On the other hand, the digital information recorder 2 has a data input/output connector 21, a control connector 22, and an RS232C connector 23. By connecting a predetermined connection cable of the digital information recorder 2 to the DC power output connector 16 of the tape drive controller 1, the DC power of the tape drive controller 1 is supplied to the digital information recorder 2. The data input/output connectors 11 and 21 are connected with a predetermined cable. Thus, data is exchanged between the controller 1 and the recorder 2. The control connectors 12 and 22 are connected with a predetermined cable. Thus, control signals are exchanged between the controller 1 and the recorder 2. The RS-232C connectors 13 and 23 are used for diagnosing the controller 1 and the recorder 2, respectively.

When the tape streamer is connected to a host computer 20, the SCSI connectors 14a and 14b are used as shown in FIG. 3. When a read command is sent from the host computer 20 to the tape streamer, the tape streamer outputs data to the host computer 20. The digital information recorder 2 records/reproduces digital data on/from a cassette tape with a rotating head. FIG. 4 shows an example of the positions of heads of the recorder 2. In FIG. 4, four recording heads Ra, Rb, Rc, and Rd and four reproducing (playback) heads Pa, Pb, Pc, and Pd are disposed on a drum that rotates at a predetermined speed.

The heads Ra and Rb are disposed at adjacent positions. Likewise, pairs of the heads Rc and Rd, the heads Pa and Pb, and the heads Pc and Pd are disposed at respective adjacent positions. The extended direction of the gap of one pair member is different from the extended direction of the gap of the other pair member (this extended direction is referred to as azimuth). The heads Ra and Rc oppositely disposed at an interval of 180 each have a first azimuth. The heads Rb and Rd oppositely disposed at an interval of 180 each have a second azimuth. The heads Pa and Pc oppositely disposed at an interval of 180 each have a first azimuth. The heads Pb and Pd oppositely disposed at an interval of 180 each have a second azimuth. With the different azimuths, a crosstalk between adjacent tracks can be prevented. Each pair of two adjacent heads is actually accomplished as an integrated head referred to as a double-azimuth head.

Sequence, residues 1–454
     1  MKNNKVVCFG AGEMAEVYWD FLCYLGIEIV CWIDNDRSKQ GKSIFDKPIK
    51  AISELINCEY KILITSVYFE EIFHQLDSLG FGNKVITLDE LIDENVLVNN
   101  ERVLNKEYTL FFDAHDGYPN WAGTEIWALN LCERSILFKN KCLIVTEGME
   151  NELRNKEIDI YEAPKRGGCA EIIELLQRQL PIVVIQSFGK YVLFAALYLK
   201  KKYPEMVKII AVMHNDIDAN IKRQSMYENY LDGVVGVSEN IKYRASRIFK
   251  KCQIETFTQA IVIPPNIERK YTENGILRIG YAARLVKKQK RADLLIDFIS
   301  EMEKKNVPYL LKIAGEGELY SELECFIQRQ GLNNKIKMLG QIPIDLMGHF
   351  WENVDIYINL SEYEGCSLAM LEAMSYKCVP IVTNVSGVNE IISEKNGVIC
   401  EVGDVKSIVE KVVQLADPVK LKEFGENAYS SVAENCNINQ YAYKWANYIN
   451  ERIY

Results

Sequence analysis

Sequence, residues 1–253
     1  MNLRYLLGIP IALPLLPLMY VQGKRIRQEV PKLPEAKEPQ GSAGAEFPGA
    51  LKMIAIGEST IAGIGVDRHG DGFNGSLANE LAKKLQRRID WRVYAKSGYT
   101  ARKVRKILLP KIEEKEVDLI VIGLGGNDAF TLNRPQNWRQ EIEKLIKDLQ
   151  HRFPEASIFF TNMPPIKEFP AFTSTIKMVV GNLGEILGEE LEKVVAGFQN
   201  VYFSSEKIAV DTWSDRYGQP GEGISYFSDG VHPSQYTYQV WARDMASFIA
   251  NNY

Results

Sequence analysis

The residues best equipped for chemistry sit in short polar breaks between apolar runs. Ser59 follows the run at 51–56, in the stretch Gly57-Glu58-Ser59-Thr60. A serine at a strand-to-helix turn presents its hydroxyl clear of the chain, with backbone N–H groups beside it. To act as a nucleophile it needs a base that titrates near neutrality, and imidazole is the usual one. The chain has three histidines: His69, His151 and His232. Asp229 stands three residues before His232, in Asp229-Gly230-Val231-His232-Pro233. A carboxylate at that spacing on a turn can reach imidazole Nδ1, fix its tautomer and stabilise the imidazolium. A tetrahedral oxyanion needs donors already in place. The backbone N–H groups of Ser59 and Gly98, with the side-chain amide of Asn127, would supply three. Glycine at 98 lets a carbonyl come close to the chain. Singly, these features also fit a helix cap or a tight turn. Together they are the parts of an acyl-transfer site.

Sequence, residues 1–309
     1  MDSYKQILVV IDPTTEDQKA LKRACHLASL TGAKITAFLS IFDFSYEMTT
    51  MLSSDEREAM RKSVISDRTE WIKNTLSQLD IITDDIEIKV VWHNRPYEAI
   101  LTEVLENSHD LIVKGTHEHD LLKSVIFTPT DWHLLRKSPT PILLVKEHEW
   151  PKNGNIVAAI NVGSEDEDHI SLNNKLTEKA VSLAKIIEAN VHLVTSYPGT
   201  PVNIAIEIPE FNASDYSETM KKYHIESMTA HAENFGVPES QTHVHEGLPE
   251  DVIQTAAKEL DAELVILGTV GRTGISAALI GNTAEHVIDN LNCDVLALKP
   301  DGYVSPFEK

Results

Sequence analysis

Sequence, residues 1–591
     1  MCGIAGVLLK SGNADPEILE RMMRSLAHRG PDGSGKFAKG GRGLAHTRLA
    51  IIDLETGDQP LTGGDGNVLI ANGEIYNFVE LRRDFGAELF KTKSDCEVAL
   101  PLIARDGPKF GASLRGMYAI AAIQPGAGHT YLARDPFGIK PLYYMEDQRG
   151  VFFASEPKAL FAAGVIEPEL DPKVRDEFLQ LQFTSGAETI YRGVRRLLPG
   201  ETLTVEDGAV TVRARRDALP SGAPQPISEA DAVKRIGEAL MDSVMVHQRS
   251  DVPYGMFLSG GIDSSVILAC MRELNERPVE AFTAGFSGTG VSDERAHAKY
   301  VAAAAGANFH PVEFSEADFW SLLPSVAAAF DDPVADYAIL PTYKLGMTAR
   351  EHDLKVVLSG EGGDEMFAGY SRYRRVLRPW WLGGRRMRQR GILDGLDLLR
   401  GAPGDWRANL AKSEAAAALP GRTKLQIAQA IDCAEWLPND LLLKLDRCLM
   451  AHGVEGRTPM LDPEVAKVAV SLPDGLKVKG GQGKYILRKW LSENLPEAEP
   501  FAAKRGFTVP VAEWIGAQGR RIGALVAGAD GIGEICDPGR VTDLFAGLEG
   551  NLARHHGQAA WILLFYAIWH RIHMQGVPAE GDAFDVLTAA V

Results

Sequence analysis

A tape (for example 1/2 inch-width tape) pulled out from the cassette is wound on the peripheral surface of the drum 25 at an angle of 180 or more. The tape is fed at a predetermined speed. Thus, when a signal is recorded on the tape, at the first half period of one rotation of the drum 25, the heads Ra and Rb scan the tape. At the second half period of the rotation, the heads Rc and Rd scan the tape. When a signal is reproduced from the tape, at the first half period of one rotation of the drum 25, the heads Pa and Pb scan the tape. At the second half period of the rotation, the heads Pc and Pd scan the tape.

FIG. 5 shows a track pattern on the tape of the digital information recorder 2. Upper and lower longitudinal tracks are formed in the width direction of the tape. Helical tracks are formed between the upper and lower longitudinal tracks. A control signal is recorded on the upper longitudinal track 26. A time code is recorded on the lower longitudinal track 27. The time code represents the longitudinal position of the tape. For example, SMPTE time code is used. With one rotation of the drum 25, the heads Ra and Rb form two helical tracks Ta and Tb at the same time. Thereafter, the heads Rc and Rd form two helical tracks Tc and Td at the same time. The first half portion and the second half portion of each helical track are separately formed. A tracing pilot signal recording area 28 is formed between the first half portion and the second half portion.

The SMPTE time code was developed for a video signal for a VTR or the like. The minimum unit of the SMPTE time code is a frame (1/30 seconds). As will be described later, in the tape streamer, data that can be recorded on the four tracks Ta to Td shown in FIG. 5 is a unit of logical data (referred to as a track set). When 16 tracks correspond to one frame of a video signal, with a lower digit (values 0, 1, 2, and 3) than the frame digit of the time code, a time code of which one unit is composed of 16 tracks should be used (the time code is also referred to as ID). In the tape streamer according to the present invention, the SMPTE time code is used in such a manner that one track set is composed of four tracks. With a user data area of the SMPTE time code, such a modification can be performed.

FIG. 6 schematically shows a system structure of the tape drive controller 1 and the digital information recorder 2. The main functions of the system controller 31 of the controller 1 are as follows:

managing a SCSI controller 32,

managing a buffer memory 33,

managing a file/managing a table,

controlling the write, read, and retry operations of data,

controlling the digital information recorder 2, and

performing the self-diagnosing operation.

The system is connected to the host computer through the SCSI controller 32. A drive controller 34 is disposed between the buffer memory 33 and the tape drive controller. Data read from the buffer memory 33 is supplied to a C2 encoder 35 through the drive controller 34. A track interleaving circuit 36 and a C1 encoder 37 are connected to the C2 encoder 35.

The C2 encoder 35 and the C1 encoder 37 perform an error-correction-code encoding process using a product code for record data. The track interleaving circuit 36 controls the distribution of data recorded on tracks so as to improve the correction performance of an error that takes place in the recording/reproducing processes.